#TheDress and How it reveals the problems of Eye Witness Testimony

The human mind is an amazing thing, however, it can play tricks on us. #thedress is a perfect example, which is important if the sole evidence against you is eyewitness testimony.

Like most people on last Thursday night I was highly confused about exactly what color was this dress, and confident I was right.

#TheDress and How it reveals the problems of Eye Witness Testimony

The Problem with Human Perception

The color of the dress is irrelevant. What is relevant is how this is a perfect example of the problem with eye witness testimony. If I was called to testify in court about what color the dress was, I would have sworn under oath that the dress was white and gold…and I would have been wrong in reality the dress is black and blue.

A lot of people think our eyes work like video camera, that what we see is exactly what reality is. But what is really happening is that our brains are the ones 'seeing' our eyes merely send information about wavelengths of light, it's our brains that have to sort that all out and interpret what that data means.

If our brain faces data that it is unsure of, sometimes our brains use clues to determine what it is seeing. In #the dress's case, some people's brains interpreted the clues to decide the dress was white and gold, others interposed the clues to mean the dress was black and blue.

So sometimes what we think we see is not real, which is very troubling if the sole evidence in case is eyewitness testimony. What is even more troubling is that our memory of what we see can also be wrong.

Even if our brains interpret what we are 'seeing' correctly, our memories are also fallible.

It is universally accepted that the memory process takes place in three stages: (1) perception of the event, (2) retention, and (3) retrieval of the stored information. Psychologists explain that information is transformed as it passes through each of these stages, and it can be distorted by internal and external factors that can eventually cause retrieval failure.

Perception can be affected by exposure time, stress, expectation, and prior experiences can affect perception. People often don't realize that their cultural expectations and past experiences can affect their memory of events. In other words, if you expect to see a man with a gun, you will be more likely to testify the man had a gun.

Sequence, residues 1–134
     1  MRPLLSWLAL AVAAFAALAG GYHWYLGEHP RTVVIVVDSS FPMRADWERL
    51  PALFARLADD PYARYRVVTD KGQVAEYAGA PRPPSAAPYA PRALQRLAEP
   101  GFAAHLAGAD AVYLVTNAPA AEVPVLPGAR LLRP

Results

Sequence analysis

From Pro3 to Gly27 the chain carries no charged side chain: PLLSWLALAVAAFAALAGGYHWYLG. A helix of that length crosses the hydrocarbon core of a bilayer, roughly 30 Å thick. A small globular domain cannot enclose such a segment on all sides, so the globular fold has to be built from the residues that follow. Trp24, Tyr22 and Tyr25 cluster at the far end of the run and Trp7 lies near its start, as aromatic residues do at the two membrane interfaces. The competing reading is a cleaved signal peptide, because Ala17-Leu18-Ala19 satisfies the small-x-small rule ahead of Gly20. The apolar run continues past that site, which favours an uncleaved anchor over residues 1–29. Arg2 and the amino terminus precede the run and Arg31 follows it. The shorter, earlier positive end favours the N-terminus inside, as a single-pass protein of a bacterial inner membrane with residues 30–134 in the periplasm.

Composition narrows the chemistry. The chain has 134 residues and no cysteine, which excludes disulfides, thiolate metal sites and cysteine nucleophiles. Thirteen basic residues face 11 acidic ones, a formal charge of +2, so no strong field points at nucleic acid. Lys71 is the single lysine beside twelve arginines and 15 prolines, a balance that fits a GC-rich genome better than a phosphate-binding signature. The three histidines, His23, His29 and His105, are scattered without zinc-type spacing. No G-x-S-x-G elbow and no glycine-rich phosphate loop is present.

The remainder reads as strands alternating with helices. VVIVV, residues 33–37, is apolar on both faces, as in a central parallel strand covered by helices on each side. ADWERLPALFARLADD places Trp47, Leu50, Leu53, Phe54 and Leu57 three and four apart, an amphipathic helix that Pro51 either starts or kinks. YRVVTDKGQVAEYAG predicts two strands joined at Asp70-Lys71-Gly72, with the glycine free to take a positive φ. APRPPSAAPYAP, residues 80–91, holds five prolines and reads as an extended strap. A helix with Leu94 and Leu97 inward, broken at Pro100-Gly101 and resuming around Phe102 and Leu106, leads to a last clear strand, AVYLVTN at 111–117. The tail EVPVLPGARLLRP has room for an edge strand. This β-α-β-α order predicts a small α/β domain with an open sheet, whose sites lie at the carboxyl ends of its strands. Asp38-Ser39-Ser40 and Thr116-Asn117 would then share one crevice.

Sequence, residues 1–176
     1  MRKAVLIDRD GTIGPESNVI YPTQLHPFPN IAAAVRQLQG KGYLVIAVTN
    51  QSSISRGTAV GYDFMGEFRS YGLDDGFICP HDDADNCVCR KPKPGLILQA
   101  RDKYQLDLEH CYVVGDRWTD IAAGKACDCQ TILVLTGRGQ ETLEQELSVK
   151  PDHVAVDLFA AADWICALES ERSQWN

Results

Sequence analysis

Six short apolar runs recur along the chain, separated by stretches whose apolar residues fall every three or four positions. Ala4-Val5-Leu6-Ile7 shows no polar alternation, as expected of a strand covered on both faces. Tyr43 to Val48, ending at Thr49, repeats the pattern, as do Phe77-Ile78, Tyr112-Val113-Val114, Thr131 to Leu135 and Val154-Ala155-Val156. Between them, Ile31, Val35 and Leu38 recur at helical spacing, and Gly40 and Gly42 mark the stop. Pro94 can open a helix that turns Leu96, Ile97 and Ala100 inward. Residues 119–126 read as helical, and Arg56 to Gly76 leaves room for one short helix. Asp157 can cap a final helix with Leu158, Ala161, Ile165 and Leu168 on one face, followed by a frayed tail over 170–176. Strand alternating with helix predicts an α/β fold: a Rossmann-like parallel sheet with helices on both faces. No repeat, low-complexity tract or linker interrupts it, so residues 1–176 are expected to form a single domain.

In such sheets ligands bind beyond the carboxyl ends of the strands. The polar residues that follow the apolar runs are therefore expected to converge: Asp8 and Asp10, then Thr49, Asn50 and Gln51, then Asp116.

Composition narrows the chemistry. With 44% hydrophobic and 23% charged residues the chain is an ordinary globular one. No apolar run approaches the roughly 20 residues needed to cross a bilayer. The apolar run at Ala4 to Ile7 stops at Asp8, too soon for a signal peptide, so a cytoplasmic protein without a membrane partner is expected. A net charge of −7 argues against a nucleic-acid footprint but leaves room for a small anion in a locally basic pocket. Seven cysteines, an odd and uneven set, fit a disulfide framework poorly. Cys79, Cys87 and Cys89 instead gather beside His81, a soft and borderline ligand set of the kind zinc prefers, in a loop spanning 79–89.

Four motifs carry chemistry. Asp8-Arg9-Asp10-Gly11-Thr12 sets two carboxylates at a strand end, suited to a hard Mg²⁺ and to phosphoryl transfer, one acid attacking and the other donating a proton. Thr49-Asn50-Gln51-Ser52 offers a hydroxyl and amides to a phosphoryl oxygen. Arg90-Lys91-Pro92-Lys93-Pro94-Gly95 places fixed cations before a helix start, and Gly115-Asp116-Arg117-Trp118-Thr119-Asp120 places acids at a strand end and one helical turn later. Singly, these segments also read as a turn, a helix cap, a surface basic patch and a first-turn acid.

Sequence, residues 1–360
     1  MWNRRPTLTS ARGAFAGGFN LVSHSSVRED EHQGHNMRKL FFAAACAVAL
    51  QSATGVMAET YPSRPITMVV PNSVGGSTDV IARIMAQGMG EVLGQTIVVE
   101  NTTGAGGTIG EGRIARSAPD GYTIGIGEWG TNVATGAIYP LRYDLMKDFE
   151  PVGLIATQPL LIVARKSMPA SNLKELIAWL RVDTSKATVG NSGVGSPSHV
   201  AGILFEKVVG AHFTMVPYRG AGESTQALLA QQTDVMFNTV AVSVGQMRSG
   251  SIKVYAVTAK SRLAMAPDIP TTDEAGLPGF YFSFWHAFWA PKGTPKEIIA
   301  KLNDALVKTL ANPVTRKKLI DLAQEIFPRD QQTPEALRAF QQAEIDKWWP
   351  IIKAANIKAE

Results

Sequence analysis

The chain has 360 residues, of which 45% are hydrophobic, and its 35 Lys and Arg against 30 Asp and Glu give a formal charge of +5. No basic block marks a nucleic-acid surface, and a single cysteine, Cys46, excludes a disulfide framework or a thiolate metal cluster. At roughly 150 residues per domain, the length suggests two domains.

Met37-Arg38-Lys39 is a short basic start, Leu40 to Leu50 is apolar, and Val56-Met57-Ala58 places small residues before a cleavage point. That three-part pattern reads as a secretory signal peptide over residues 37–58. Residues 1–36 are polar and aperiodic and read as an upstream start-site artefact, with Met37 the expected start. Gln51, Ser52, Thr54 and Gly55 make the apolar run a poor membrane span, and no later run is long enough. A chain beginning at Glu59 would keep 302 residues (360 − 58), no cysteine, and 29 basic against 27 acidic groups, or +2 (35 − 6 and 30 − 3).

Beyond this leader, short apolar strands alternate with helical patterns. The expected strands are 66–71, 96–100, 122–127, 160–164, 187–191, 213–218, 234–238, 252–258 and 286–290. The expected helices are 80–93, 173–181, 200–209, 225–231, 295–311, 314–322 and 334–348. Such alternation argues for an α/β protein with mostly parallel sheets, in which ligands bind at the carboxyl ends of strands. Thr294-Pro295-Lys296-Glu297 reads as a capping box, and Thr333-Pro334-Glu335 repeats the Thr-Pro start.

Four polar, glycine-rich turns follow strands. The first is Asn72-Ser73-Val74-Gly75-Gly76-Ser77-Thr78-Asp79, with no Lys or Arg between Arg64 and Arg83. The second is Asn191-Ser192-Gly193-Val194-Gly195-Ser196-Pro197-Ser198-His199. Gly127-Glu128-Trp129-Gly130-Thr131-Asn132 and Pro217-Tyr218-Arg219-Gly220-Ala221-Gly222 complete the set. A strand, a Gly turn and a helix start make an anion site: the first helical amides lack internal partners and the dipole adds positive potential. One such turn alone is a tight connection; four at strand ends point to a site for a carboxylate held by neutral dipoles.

During the questioning of a witness, witness's memory can be altered by how a question is asked. For example if the question is asked: "did you see the broken headlight?" vs. "did you see a broken headlight?" could affect the witness's memory and that is changing a simple adjective.

The Innocence Project that studied eyewitness accuracy and has stated that eyewitness misidentification is the greatest contributing factor to wrongful convictions. They have estimated that in 75% of overturned convictions there was eyewitness testimony used to convict the innocent defendant.

An eyewitness who is initially uncertain can become much more certain over time. Often the police will give the witness feedback if he/she identified the suspect the police had in mind, saying things such as "that was who we suspected" etc., which makes the witness more confident in their choice, even if wrong. In scientific studies, researchers have even been able to create false memories in normal individuals, and many became convinced the false memories were real.

The act of remembering, says eminent memory researcher and psychologist Elizabeth F. Loftus of the University of California, Irvine, is "more akin to putting puzzle pieces together than retrieving a video recording."

Sources:

Cindy J. O'Hagan, When Seeing Is Not Believing: The Case for Eyewitness Expert Testimony, 81 Geo. L.J. 741, 747-48 (1993)

Hal Arkowitz and Scott O. Lillenfield, Why Science Tells us not to rely on eyewitness accounts, Scientific American. January 8, 2009.

Dan Darcy, #thedress shows the quirks of human perception, February 29, 2015 at http://blog.dolby.com/2015/02/thedress-shows-the-quirks-of-human-perception/